Since I joined the team, I tried to gather information on what the original writing team that wrote that story wanted to do. I also researched all the information that hadn’t been conveyed to the players yet. 

Then I deconstructed it and picked the elements that were needed to bolster Yoshida-san’s plan to destroy the world, setting them apart from what wasn’t needed.

While I was trying to preserve the memories of the players, I was also doing my best to tidy up the story.

Giuseppe: When you were working on tidying up that storyline, did you find it confusing as much as we did?

Banri Oda: Initially I saw the story of 1.0 as a player, and so I knew that those issues needed to be rectified. 

One issue was that the player had a power to see the past, but it wasn’t clear how it worked, so I toiled with the rest of the team to tidy up everything. 

Naoki Yoshida: Back then I gave Oda-san one piece of advice: in case the interpretation of certain elements of the story by the players wasn’t in line with what the original developers wanted, if we needed to strain things in order to make them understand accurately, we didn’t really need to put too much effort into that. Even if we pushed, there was no guarantee that the players would understand completely, anyway.

Rather than making things too complicated, we should simply stick to our direction to make things more accessible for players. 

For instance, even among the development team there were moments in the story that happened ten years before, but some interpreted them as happening in the present. That’s why we needed to make sure that everyone was on the same page. 

Final Fantasy XIV Emet-Selch

Giuseppe: Well, personally I think all that work paid off, because I believe the current Final Fantasy XIV story is the best among all Final Fantasy games. Let’s talk about one of the best elements of that story, Emet-Selch, who is probably one of the best villains ever. Everyone loves him.

What inspired him, and how did you go about creating him?

[Warning: The following answers include spoilers about the story of Shadowbringers. If you have not played it, please skip to the next question]

Banri Oda: The main scenario for Final Fantasy XIV 5.0 was handled by Natsuko Ishikawa. Yet, the Ascians have been very enigmatic and mysterious.

Players didn’t really know what their goals are or what kind of people they are. That’s why we thought best to give the players opportunities to get close to them to understand them better as people.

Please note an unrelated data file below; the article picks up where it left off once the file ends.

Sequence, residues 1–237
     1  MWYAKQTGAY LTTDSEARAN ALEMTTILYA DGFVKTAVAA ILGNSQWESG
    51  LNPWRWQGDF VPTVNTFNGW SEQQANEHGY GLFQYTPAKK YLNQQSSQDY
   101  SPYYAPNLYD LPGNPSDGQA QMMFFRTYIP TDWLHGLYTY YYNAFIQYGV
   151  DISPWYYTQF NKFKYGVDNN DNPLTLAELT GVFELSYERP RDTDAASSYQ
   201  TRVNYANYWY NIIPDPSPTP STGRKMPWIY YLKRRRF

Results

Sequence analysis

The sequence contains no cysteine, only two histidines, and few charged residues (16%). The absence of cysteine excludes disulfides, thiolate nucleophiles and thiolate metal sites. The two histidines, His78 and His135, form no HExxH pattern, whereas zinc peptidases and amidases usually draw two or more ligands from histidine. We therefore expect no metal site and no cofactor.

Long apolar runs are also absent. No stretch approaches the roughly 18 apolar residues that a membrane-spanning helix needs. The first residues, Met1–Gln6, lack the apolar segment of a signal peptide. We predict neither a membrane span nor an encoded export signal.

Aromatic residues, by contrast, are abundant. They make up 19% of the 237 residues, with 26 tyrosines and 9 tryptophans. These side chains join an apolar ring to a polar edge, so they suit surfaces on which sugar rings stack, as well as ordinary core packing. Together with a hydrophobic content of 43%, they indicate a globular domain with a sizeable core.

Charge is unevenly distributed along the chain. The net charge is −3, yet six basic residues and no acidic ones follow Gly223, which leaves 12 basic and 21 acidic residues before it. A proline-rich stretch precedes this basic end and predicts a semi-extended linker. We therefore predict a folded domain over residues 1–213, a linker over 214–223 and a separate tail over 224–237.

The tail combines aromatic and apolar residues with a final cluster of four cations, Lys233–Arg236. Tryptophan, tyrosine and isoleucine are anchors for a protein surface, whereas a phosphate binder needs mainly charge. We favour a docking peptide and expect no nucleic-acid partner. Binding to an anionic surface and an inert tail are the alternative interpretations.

Naoki Yoshida: Before Stormblood we thought that there should have been a link between the Ascians and Garlemald, and we realized that everything made more sense if Garlemald was actually a creation of the Ascian.

We had this ancient character, emperor Solus, and we thought that using him worked in our favor. That’s the background of the inception of the Ascian as they are now. 

Also, Emperor Varis has been experimenting on creating clones in Garlemald, and he is involved with Solus as well. 

Ishikawa-san wished to humanize the Ascians and Emet-Selch, and to explore them as characters instead of leaving their vision unclear.

The idea of Emet Selch drew inspiration from Jack Sparrow from the Pirates of the Caribbeanm series, with the goal of adding more human elements on top of that. 

He also kind of overlaps the image of Ardyn from Final Fantasy XV, which is why we needed to work around it so that the two characters didn’t overlap too much.

Giuseppe: I know you can’t talk too much about the YoRHa: Dark Apocalypse raid because it’s getting revealed at Tokyo Game Show, but how involved is Yoko Taro and what is his role precisely?

Naoki Yoshida: Yoko Taro is playing a really big role for YoRHa: Dark Apocalypse.

His role is related to the overall aspect of the creation, like the script an coming up with content ideas.

Banri Oda: The same goes for selecting the kind of boss enemies that will appear in the raid and he is reviewing the soundtrack as well.

Naoki Yoshida: He also selected what kind of characters he wants to bring from the NieR world to FFXIV, and that means that you can expect the appearance of NieR characters, so you can look forward to that.

Final Fantasy XIV Yorha Dark Apocalypse

Giuseppe: Let’s talk about the Restoration of Ishgard. When do you think we’ll be able to hear more about that?

Naoki Yoshida: We’ll have a Letter from the Producer Live at Tokyo Game Show featuring Patch 5.1. That will be part 1.

We also have plans to do another Live Letter before the release of Patch 5.1, and that will be part 2.

We’re still  in the process of deciding which one we’ll use to provide information about the Restoration of Ishgard. 

We have a big plan to overhaul Disciples of the Hand and Disciples of the Land in patch 5.1 and patch 5.2. Since this this change will be significant, we’re mulling on when to talk about Ishgard.

We think it’ll be beneficial for the players to know about the changes for crafters and gatherers first and foremost, so we’ll likely focus on this at Tokyo Game Show and on the Restoration of Ishgard in the Live Letter part 2. 

The good news about the Restoration of Ishgard is that you can contribute even if you aren’t a high-level crafter and gatherer. You can also use that chance to level your crafting and gathering classes up. 

The Restoration of Ishgard will include high-end recipes for crafters and and a leaderboard which will display your name recording your achievements for other people to see.